Two spring pawls 116 of spring tempered steel are fixed to the frame 84, one adjacent each drum-like member 88 or 89, and each has a projecting end portion 117 positioned to engage the side of a tooth on the ratchet gear 114 on the associated drum-like member 88 or 89 and rotate it through a predetermined angle to advance the supply length of tape 80 a predetermined distance from the supply spool 98 to the take-up spool 99 upon rotation of the drum-like member 88 or 89 from its end position back to its disengaged position. For each drum-like member 88 or 89, the block 110 is positioned so that engagement of the spring pawl 116 with the gear 114 is simultaneous with engagement between the block 110 and the pin 108. Thus the pawl 105 is lifted from the ratchet wheel 101 to allow rotation of the spool 98 against the retarding force of the friction member 104 as the supply length of tape 80 is advanced to incrementally change the contact length of tape 82 on the arcuate member 92.

The drive means for the device 70 best seen in FIGS. 7 and 11 includes a gear reduced motor 118 in driving engagement with the input side of a single revolution clutch 119 via a timing belt and gear assembly 120. The single revolution clutch 119 is the type sold under the trade designation Series C No. C-43-3 by Marquette Metal Products Company, 1145 Galewood Drive, Cleveland, Ohio. The clutch 119 has a central output shaft 121 rotatably mounted on the frame 84 and an outer collar 122 having a projection adapted for engagement by an end 123 of a stop arm 124 pivotably mounted on the frame 84 at a pin 125. The stop arm 124 is manually engageable through a slot 128 in the top surface of the frame 84 to move the stop arm 124 against the bias of a spring 129 from an engaged position (FIG. 11) engaged with the projection on the collar 122, and a release position spaced from the projection which affords engagement of the clutch 119 for a single revolution of the output shaft 121 until the projection is again engaged by the end 123 of the stop arm 124 (if the stop arm 124 is released) to disengage the clutch 119. A drive wheel 131 is fixed to the output shaft 121. Upon engagement of the clutch 119 the motor 118 drives the drive wheel 131 for one complete rotation and the drive wheel 131 acts as a crank to drive an arm 132 pivotably mounted at pins 133 and 134 respectively between the drive wheel 131 and a large spur gear 135. The drive wheel 131 rotates the large spur gear 135 for a partial revolution in a first direction of rotation during the first 180 of its rotation, and then back to its original position in the opposite direction of rotation during the last 180 of its rotation. The large spur gear 135 is fixed to the shaft 91 of the first drum-like member 88, and drives a gear train including a pair of equal sized meshed spur gears 136 and 137 fixed respectively to the shafts 74 of the cleaning rollers 72 and 73, and a sector gear 138 fixed to the shaft 91 of the second drum-like member 89 which has the same pitch diameter as the large spur gear 135. The size ratio between the spur gears 136 and the sector 138 and spur gear 135 is selected to provide rolling engagement between the peripheries of the cleaning rollers 72 and 73 and the contact lengths of tape 82 upon contact therebetween during a cleaning cycle of the device 70.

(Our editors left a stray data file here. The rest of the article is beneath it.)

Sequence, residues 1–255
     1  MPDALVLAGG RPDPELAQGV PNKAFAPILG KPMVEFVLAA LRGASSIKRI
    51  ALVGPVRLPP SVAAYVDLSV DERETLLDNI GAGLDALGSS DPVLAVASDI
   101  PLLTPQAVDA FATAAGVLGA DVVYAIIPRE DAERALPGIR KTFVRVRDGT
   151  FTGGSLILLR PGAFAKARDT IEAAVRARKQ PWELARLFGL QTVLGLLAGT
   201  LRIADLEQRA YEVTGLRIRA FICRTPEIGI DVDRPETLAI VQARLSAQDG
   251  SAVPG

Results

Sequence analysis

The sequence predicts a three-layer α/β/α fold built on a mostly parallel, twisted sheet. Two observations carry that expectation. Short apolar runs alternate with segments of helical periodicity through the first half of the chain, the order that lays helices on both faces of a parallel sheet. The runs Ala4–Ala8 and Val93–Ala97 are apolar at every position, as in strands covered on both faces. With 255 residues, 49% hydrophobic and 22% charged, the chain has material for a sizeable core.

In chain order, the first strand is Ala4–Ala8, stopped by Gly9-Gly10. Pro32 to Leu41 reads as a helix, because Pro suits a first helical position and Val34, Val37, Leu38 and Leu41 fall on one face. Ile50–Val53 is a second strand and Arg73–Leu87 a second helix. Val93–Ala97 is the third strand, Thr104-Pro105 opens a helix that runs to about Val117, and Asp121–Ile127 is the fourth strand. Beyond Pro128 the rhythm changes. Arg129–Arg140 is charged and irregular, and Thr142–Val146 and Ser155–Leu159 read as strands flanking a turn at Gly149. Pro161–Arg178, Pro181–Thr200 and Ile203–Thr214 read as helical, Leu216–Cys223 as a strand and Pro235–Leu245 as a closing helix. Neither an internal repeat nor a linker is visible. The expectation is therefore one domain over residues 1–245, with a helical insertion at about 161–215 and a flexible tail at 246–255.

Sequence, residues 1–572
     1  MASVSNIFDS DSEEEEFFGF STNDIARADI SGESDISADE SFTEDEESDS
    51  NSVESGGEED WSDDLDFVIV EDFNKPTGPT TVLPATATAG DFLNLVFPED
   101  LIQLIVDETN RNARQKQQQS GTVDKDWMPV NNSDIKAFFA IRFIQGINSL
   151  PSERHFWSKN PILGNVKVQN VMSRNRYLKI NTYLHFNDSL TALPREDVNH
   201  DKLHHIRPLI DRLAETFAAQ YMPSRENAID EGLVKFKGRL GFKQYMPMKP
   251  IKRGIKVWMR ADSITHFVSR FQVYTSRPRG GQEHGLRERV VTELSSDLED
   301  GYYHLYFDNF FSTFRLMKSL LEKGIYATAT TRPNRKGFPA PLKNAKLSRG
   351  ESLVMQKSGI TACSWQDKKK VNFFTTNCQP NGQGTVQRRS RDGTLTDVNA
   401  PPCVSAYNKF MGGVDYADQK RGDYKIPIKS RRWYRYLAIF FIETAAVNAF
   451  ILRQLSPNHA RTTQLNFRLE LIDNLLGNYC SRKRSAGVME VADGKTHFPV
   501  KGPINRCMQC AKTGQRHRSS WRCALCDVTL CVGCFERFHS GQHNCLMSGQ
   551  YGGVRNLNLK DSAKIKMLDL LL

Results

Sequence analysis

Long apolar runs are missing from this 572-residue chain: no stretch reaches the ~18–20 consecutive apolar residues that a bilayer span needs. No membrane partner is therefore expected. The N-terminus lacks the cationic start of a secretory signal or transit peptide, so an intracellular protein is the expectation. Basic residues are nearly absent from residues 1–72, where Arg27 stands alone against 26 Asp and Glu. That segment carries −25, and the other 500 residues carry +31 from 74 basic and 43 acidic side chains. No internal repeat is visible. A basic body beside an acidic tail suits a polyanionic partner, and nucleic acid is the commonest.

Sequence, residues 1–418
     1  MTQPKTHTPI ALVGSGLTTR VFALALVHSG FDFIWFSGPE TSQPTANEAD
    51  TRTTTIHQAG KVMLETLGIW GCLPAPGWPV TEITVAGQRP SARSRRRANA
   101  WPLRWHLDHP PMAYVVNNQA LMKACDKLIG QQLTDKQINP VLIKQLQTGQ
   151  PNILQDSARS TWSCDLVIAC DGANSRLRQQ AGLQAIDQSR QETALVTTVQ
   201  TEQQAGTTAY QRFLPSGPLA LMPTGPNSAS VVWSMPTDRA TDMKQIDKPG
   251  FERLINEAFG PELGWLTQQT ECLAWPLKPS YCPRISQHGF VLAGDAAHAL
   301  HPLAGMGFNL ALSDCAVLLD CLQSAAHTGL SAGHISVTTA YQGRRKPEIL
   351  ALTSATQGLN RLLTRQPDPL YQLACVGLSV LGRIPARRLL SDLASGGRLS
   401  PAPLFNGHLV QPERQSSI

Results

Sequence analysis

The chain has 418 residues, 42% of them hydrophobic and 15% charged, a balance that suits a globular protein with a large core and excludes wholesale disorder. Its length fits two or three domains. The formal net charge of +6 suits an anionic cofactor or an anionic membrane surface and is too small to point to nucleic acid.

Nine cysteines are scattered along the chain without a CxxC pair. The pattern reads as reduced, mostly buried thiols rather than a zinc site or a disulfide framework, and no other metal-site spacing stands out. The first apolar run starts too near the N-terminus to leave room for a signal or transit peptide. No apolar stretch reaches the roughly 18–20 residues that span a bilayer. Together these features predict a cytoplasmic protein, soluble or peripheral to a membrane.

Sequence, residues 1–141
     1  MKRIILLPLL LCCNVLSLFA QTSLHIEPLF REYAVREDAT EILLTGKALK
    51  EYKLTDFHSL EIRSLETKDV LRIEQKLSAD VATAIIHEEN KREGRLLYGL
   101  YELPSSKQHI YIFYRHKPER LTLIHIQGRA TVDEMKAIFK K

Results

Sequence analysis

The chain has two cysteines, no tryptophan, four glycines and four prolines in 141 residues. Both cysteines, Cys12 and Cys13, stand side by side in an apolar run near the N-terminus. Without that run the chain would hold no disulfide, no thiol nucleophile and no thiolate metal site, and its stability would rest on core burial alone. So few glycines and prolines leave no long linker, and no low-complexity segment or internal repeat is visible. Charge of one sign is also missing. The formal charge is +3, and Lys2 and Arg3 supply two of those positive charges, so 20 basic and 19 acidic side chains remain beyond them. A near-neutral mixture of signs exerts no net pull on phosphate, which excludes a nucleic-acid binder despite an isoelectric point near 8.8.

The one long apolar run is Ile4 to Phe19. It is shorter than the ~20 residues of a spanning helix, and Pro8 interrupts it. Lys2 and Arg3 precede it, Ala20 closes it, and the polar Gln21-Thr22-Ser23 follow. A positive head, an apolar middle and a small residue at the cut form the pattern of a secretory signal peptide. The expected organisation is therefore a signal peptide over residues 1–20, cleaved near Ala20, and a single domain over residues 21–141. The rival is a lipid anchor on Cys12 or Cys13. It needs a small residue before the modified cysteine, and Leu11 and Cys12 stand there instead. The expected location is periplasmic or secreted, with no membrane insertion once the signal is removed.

The device 70 also includes means for neutralizing static electric charges on a clean lantern slide, thereby restricting the attraction of a cleaned lantern slide to dust particles in the air. An alpha particle source 140 comprising a quantity of polonium encapsulated in particles or spheres as described in U.S. Pat. No. 3,147,225 (incorporated herein by reference) and disposed on a support is fixed in an opening in the blocklike member 85 adjacent the inlet opening 78. The air adjacent the inlet opening 78 is ionized because of alpha particles emitted from the polonium and will remove most of the static electric charges from the lantern slide (which may be increased by the cleaning process) after the cleaning cycle of the device 70.

Also, the device 70 includes means for sensing the ends of the supply lengths of tape 80 to prevent separation thereof from the supply spools 98 and resultant wrapping of the tape on the cleaning rollers 72 and 73 during a subsequent cleaning cycle. The supply lengths of tape 80 are translucent. An opaque transverse strip is adhered to each supply length of tape 80 adjacent its end first wound on the supply spool 98. A light sensor 144 mounted on the frame 84 is positioned on one side of the portion of each of the supply lengths of tape 80 between the arcuate member 92 and supply spool 98 for the supporting drum-like member 88 or 89 when in its disengage position. A curved light pipe 145 is mounted on each of the drum-like members 88 and 89, and communicates between the side of the tape opposite the sensor 144 and a source of light at an opening in the frame 84 when the drum-like members 88 and 89 are in their disengaged position. A control circuit prevents activation of the motor 118 if light is not received from the light pipe 145 by both the sensors 144 with the drum-like members 88 and 89 in their disengaged position, which will occur when either of the strips on the tape passes therebetween. This signals the operator that a new supply length of tape 80 must be inserted.